UMMS Affiliation

UMass Center for Clinical and Translational Science

Publication Date

2021-10-22

Document Type

Article Preprint

Disciplines

Computer Sciences | Data Science | Diagnosis | Health Information Technology | Infectious Disease | Translational Medical Research | Virus Diseases

Abstract

Background Post-acute sequelae of SARS-CoV-2 infection (PASC), otherwise known as long-COVID, have severely impacted recovery from the pandemic for patients and society alike. This new disease is characterized by evolving, heterogeneous symptoms, making it challenging to derive an unambiguous long-COVID definition. Electronic health record (EHR) studies are a critical element of the NIH Researching COVID to Enhance Recovery (RECOVER) Initiative, which is addressing the urgent need to understand PASC, accurately identify who has PASC, and identify treatments.

Methods Using the National COVID Cohort Collaborative’s (N3C) EHR repository, we developed XGBoost machine learning (ML) models to identify potential long-COVID patients. We examined demographics, healthcare utilization, diagnoses, and medications for 97,995 adult COVID-19 patients. We used these features and 597 long-COVID clinic patients to train three ML models to identify potential long-COVID patients among (1) all COVID-19 patients, (2) patients hospitalized with COVID-19, and (3) patients who had COVID-19 but were not hospitalized.

Findings Our models identified potential long-COVID patients with high accuracy, achieving areas under the receiver operator characteristic curve of 0.91 (all patients), 0.90 (hospitalized); and 0.85 (non-hospitalized). Important features include rate of healthcare utilization, patient age, dyspnea, and other diagnosis and medication information available within the EHR. Applying the “all patients” model to the larger N3C cohort identified 100,263 potential long-COVID patients.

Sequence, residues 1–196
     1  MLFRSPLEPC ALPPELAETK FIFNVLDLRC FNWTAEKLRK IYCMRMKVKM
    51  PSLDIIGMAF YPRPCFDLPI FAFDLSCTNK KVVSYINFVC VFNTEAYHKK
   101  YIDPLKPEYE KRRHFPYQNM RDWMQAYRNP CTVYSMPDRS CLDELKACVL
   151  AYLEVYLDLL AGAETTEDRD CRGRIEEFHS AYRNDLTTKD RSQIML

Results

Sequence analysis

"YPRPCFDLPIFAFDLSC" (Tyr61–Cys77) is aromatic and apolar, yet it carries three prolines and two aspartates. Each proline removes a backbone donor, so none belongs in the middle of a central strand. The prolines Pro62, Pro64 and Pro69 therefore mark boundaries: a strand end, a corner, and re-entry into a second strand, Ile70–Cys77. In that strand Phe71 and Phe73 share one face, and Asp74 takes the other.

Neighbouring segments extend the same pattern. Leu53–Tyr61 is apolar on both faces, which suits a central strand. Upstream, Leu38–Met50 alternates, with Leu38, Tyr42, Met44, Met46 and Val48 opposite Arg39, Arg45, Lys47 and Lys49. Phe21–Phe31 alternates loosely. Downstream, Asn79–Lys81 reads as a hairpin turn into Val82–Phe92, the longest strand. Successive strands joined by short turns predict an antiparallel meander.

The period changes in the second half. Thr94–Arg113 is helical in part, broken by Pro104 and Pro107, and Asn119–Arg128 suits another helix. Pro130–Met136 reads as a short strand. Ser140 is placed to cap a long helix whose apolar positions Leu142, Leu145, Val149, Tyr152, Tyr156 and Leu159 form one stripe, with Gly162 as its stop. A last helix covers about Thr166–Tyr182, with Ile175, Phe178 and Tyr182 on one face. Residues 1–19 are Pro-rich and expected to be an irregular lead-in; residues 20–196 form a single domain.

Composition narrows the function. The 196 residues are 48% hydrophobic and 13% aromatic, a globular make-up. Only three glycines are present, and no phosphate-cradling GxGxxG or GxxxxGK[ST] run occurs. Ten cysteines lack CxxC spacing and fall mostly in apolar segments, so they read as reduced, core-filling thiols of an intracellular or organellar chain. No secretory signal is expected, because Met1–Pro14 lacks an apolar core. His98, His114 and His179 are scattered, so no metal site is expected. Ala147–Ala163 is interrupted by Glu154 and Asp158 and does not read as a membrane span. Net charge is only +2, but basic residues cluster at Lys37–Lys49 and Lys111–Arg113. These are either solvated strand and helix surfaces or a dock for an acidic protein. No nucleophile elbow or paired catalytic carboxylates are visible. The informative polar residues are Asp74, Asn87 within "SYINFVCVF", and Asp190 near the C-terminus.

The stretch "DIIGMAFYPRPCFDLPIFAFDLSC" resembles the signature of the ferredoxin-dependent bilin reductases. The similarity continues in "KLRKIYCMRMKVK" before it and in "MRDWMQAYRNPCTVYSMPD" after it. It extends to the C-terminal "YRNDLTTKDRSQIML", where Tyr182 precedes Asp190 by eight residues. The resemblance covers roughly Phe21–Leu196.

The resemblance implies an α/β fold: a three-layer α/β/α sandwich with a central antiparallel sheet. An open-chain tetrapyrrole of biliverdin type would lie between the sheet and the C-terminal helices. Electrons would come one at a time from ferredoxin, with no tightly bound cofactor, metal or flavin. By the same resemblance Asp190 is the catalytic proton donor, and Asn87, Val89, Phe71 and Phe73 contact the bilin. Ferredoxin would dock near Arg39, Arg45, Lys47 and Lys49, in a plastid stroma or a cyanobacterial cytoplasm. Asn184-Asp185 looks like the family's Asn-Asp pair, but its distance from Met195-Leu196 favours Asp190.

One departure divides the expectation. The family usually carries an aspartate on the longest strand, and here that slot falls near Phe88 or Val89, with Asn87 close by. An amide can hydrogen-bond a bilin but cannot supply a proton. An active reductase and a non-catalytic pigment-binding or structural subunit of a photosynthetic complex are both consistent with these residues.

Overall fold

Interpretation Patients flagged by our models can be interpreted as “patients likely to be referred to or seek care at a long-COVID specialty clinic,” an essential proxy for long-COVID diagnosis in the current absence of a definition. We also achieve the urgent goal of identifying potential long-COVID patients for clinical trials. As more data sources are identified, the models can be retrained and tuned based on study needs.

Funding This study was funded by NCATS and NIH through the RECOVER Initiative.

Keywords

Infectious Diseases, long COVID, Post-acute sequelae of SARS-CoV-2 infection, PASC, electronic health records, diagnosis

Rights and Permissions

The copyright holder for this preprint is the author/funder, who has granted bioRxiv a license to display the preprint in perpetuity. It is made available under a CC-BY 4.0 International license.

DOI of Published Version

10.1101/2021.10.18.21265168

Source

medRxiv 2021.10.18.21265168; doi: https://doi.org/10.1101/2021.10.18.21265168. Link to preprint on medRxiv

Journal/Book/Conference Title

medRxiv

Comments

This article is a preprint. Preprints are preliminary reports of work that have not been certified by peer review.

The UMass Center for Clinical and Translational Science (UMCCTS), UL1TR001453, helped fund this study.

Creative Commons License

Creative Commons Attribution 4.0 License
This work is licensed under a Creative Commons Attribution 4.0 License.

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